March 21 2008 by Ryan P. Allis
iContact began in 2003 as a permission-based e-mail marketing application. At the application’s core, it allowed you to upload a list of contacts that had requested to receive e-mails from your organization, add a sign-up form to your Web site, select a template, paste in your content, and distribute your newsletter, then view the opens and clicks while managing the bounces and unsubscribes.
Today, iContact has evolved into an online communications platform that makes it easy to create, publish, and track e-mail newsletters, surveys, autoresponders, blogs, and RSS feeds. Although RSS, blogs, and social media are becoming an increasingly important method of communication online, e-mail remains the top method of communicating with your customers and prospects.
Starting a monthly e-mail newsletter allows you to collect prospect data and stay in touch with your customers and most interested prospects. The effects of a monthly or weekly newsletter with quality content include an increased visitor-to-sales conversion rate and better brand awareness in your industry and with your customers and prospects.
The first task in starting your own e-mail newsletter is to select the e-mail list management software you’d like to use. You can choose Web-based or desktop-based software. If you want subscription and unsubscription requests and bouncebacks to be handled for you, I’d recommend Web-based software, as opposed to desktop-based software. Look for software features such as open and click-through tracking, the ability to send HTML messages, bounceback handling, unlimited list creation, multiple-message autoresponders, and message scheduling. You should also look for a tool that allows you to easily distribute your message to other channels such as RSS or blogs.
Once you select the software you’d like to use, add the sign-up form to your Web site. Most services will provide you with the HTML code you need to do this. Without a sign-up form for a newsletter on it, you are losing valuable prospect data. When visitors go to your Web site, they are often looking for a product or information that you provide. Many of these visitors are willing to sign up for a newsletter with good-quality content and more information on your industry and products.
Once you have the sign-up form posted, decide how often you’d like to send out your newsletter and the content that will appear in it, and create an information page with archives and a sign-up form on your site. Finally, log in to your newsletter software and send out your newsletter according to the schedule you decided on.
I usually send out newsletters on the same day once a month, but it is up to you how often and when your newsletters go out. As far as content, you should include at least one good-quality, substantive article in your newsletter. Intersperse recommendations for your products with case studies or testimonials. When you have completed all of this and your newsletter has been sent, add it to your archives page so new subscribers can see what past issues were like.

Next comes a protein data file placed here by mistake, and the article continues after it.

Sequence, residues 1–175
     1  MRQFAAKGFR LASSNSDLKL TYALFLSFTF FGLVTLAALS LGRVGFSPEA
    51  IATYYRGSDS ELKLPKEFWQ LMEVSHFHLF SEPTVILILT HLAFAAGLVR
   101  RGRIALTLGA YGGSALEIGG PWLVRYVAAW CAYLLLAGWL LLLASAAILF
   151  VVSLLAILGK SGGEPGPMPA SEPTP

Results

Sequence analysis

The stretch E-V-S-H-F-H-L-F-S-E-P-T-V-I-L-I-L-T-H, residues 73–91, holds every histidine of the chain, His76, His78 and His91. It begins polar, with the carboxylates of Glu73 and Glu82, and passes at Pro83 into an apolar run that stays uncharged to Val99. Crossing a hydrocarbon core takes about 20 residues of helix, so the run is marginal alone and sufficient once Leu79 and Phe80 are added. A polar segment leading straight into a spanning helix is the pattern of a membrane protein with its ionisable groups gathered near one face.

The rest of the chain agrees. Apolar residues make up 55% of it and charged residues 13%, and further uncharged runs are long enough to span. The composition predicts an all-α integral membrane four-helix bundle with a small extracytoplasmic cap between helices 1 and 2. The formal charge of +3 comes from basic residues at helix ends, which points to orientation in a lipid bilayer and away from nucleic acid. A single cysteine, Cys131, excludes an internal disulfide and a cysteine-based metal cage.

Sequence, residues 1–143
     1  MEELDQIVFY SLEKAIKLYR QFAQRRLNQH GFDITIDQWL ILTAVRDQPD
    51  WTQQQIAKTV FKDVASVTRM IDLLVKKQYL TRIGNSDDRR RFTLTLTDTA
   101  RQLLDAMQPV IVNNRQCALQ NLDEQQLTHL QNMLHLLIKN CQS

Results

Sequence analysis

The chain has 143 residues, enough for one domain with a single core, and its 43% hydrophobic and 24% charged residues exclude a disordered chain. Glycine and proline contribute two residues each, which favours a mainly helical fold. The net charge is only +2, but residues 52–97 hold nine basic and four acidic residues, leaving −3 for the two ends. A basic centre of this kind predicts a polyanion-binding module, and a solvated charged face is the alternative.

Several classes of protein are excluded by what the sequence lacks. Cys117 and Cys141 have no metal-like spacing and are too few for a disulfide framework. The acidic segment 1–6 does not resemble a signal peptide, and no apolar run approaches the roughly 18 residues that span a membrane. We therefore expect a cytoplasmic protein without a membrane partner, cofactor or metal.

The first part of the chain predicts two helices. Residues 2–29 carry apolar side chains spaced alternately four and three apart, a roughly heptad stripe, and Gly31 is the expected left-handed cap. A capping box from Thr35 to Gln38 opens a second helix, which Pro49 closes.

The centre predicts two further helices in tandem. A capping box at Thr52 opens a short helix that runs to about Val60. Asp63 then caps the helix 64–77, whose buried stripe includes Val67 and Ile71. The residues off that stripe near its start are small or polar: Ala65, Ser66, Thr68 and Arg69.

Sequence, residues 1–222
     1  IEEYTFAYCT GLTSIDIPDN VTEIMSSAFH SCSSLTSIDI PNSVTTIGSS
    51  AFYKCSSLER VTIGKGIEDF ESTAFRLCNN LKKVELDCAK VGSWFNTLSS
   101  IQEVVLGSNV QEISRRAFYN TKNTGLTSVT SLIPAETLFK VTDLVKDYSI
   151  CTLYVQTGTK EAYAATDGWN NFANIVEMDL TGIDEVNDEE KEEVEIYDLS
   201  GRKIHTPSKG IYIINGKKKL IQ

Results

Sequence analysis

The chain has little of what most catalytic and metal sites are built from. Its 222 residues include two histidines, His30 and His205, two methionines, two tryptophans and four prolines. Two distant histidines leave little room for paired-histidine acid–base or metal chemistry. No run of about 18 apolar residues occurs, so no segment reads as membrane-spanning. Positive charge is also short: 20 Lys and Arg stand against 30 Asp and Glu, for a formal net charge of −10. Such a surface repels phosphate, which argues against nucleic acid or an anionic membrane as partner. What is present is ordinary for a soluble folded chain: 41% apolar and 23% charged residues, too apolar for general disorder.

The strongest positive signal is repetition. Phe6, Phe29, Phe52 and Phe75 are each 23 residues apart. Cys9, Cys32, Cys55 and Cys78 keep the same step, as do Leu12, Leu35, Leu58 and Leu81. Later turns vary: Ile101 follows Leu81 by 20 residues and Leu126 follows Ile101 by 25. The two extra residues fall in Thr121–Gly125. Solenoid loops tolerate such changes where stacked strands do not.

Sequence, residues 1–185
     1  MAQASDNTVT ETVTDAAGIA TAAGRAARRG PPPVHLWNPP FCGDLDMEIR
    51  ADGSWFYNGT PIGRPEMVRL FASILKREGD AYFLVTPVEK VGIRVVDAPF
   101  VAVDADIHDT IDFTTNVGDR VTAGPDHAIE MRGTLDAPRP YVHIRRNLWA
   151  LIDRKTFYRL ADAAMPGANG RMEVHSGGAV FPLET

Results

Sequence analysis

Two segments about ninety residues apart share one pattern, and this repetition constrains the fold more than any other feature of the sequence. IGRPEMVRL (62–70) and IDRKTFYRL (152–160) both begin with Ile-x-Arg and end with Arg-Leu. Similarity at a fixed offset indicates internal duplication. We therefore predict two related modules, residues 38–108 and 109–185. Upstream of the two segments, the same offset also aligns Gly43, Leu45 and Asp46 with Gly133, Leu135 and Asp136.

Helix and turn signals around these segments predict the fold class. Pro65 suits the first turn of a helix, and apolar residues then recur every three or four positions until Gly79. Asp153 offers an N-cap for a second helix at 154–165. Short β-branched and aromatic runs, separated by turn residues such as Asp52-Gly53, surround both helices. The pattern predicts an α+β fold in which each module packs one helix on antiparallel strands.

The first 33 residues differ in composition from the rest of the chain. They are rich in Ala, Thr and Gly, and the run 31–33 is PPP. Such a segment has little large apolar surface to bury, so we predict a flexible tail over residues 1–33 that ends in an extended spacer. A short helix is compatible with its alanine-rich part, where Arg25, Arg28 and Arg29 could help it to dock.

If you can properly execute a permission-based e-mail marketing strategy, you’ll greatly improve contact and relationships with your current and future customers. You’ll build your reputation in the industry and tremendously improve your visitor-to-sale conversion rate, meaning more sales, more often, for higher amounts.
Especially if you can get your site to the top of the search engines you’ll be able to build an opt-in list of thousands of subscribers within a couple years and turn these subscribers into passionate, evangelizing customers. The nutraceuticals company I worked with 2001 and 2002 was able to build a permission-based e-mail list of 30,000 within 12 months. The wonderful thing was that every time we sent out a newsletter, sales would jump by $4,000 to $6,000 that day.
iContact’s company newsletter, The Email Marketing Monthly, is sent out on the twenty-eighth of each month. The newsletter currently has about 80,000 subscribers. Whenever we send out our monthly message, we add 50 to 60 new customers, generating about $30,000 in additional revenue. We’re able to increase revenues by $30,000 by sending out an e-mail that would cost around $250 to send if we were paying our own prices. By implementing a similar strategy for your permission-based communications, you’ll soon notice a similar impact on your bottom line.
Excerpted from “Zero to One Million: How I Built A Company To $1 Million In Sales . . . And How You Can, Too” by Ryan P. Allis McGraw Hill/ February 2008/ $16.95, trade paperback/ ISBN-13: 978-0-07-149666-7) At the age of twenty-three, Ryan P. Allis is the CEO and co-founder of iContact, (www.iContact.com) an online email marketing software company with over $10 million in sales and a staff of 90 employees. He is also chairman of Virante, a web marketing consulting firm that helps companies build sales online. A serial entrepreneur, Ryan was named one of the country’s “Top 25 Entrepreneurs Under 25″ by BusinessWeek in November 2005. Allis also teaches his principles to high school and college students through speeches and workshops. He is the chairman of the Carolina Entrepreneurship Club, founder of The Humanity Campaign, and a member of EO Raleigh-Durham. He serves on the Boards of AGRADU, Nourish International, Leadership Triangle, and Junior Achievement of Eastern North Carolina.